“The Integrity of the Chain” is part of several stories I’ve been trying to write that are set in South East Asia and have this mundane thing going — in the sense that they are not about science fictional concepts in particular but about the life of regular people in the future. I think Fantasy is going to run a second one in an upcoming issue.
You have published internationally, won the Clarke-Bradbury award, traveled to locations about which others can only dream. On the day that wishes come freely, what will be your perfect state of being or are you already there?
Right now, all I want is to live near a bookshop! I miss bookshops, and cinemas. Oh, and supermarkets! And also, streets where you can actually walk around, without, you know, drivers trying to kill you. Small dreams…
What developments can we expect from Lavie Tidhar in 2009/2010?
Coming up next is the Apex Book of World SF, an anthology of international SF, fantasy and horror stories from around the world. That’s from Apex Books. I’ve been running the World SF News Blog alongside it, and hope to continue doing so — I’d also love to edit a second volume, but it will depend on the first one selling enough to make it feasible!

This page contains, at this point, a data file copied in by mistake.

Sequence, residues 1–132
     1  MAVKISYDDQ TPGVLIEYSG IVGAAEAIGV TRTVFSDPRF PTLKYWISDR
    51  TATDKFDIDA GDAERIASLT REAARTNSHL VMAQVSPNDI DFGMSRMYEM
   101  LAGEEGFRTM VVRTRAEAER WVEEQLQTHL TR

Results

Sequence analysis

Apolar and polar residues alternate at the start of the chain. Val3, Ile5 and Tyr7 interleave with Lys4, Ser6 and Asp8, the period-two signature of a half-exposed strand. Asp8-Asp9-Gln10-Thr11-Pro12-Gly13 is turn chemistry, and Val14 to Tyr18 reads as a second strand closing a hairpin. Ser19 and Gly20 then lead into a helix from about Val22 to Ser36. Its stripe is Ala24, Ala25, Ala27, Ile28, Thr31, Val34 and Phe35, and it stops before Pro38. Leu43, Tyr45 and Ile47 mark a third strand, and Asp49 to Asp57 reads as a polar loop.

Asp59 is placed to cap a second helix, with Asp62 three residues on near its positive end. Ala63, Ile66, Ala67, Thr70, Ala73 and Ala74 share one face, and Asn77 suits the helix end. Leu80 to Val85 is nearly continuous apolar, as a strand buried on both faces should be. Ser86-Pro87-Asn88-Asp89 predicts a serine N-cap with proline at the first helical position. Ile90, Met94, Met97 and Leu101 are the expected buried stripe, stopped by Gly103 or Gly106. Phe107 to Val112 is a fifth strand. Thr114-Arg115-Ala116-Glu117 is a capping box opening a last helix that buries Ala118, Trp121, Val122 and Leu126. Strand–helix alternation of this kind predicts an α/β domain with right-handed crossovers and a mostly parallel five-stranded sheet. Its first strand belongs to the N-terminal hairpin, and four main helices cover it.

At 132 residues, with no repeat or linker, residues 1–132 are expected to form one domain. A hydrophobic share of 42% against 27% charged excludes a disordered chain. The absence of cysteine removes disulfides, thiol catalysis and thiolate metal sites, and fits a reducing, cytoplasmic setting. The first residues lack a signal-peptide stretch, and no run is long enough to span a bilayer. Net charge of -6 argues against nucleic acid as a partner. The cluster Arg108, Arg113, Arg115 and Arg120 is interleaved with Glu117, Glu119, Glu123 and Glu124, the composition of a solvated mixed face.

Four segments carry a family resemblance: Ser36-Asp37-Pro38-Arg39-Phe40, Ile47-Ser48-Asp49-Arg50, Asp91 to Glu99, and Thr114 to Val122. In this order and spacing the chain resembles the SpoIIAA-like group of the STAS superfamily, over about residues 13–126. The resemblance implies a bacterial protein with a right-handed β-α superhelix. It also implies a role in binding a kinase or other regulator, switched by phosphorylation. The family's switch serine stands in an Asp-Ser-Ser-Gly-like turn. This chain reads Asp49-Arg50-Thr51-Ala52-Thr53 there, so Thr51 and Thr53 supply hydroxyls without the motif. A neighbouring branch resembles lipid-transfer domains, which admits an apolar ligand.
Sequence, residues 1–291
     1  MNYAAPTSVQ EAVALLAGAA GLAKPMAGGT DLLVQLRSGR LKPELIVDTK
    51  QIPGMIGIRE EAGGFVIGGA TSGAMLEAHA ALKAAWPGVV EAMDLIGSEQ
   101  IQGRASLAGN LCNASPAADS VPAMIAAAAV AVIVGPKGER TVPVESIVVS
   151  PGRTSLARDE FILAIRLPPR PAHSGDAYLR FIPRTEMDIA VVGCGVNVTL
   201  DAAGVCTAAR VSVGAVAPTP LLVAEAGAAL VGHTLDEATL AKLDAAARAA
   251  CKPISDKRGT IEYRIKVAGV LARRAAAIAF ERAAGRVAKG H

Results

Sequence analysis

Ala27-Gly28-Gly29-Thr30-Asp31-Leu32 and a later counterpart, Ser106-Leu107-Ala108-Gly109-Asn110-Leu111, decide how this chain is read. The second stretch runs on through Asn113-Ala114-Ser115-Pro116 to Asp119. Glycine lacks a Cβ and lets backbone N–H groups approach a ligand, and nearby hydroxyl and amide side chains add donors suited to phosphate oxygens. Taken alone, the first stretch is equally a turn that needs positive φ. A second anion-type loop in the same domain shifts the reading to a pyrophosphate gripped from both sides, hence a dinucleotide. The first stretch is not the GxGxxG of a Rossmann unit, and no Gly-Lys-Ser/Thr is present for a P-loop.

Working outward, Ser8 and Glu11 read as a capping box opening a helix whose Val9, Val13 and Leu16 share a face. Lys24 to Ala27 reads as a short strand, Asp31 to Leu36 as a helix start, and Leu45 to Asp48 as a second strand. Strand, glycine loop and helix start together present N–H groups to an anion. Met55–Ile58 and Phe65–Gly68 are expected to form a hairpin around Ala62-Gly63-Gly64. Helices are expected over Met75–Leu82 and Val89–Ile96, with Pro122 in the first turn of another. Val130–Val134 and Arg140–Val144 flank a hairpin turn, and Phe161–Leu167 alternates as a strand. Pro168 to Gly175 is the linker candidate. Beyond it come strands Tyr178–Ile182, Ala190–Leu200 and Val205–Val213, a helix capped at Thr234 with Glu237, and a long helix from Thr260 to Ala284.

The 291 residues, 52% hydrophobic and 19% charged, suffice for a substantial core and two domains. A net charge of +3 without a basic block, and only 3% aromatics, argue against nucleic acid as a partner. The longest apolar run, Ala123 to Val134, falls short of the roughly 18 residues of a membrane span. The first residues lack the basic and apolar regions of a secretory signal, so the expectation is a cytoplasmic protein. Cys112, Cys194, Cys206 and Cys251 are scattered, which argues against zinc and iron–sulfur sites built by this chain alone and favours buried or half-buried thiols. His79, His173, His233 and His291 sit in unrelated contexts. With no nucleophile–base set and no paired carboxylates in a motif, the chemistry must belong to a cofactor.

My novella Cloud Permutations is due sometime this year from PS Publishing in the UK. There are also stories forthcoming in Interzone, Postscript, in the anthologies Interfictions II and Lovecraft Unbound — and in Fantasy, of course . . . and my short novel, The Tel Aviv Dossier, co-written with Nir Yaniv, will be officially launched this coming Worldcon.
2010 is going to very exciting, I think, but unfortunately I can’t talk too much about it yet. What is confirmed so far is another novella from PS Publishing — Gorel & The Pot-Bellied God, and a reprint of my Cold War supernatural thriller novella An Occupation of Angels by Apex Books. I’m also very excited about an upcoming novelette, “The Projected Girl”, in Ellen Datlow’s Naked City anthology. It’s about a boy in 1980s Haifa trying to solve the mysterious disappearance of a magician’s assistant in the 1940s. I think it’s one of the best things I’ve ever written.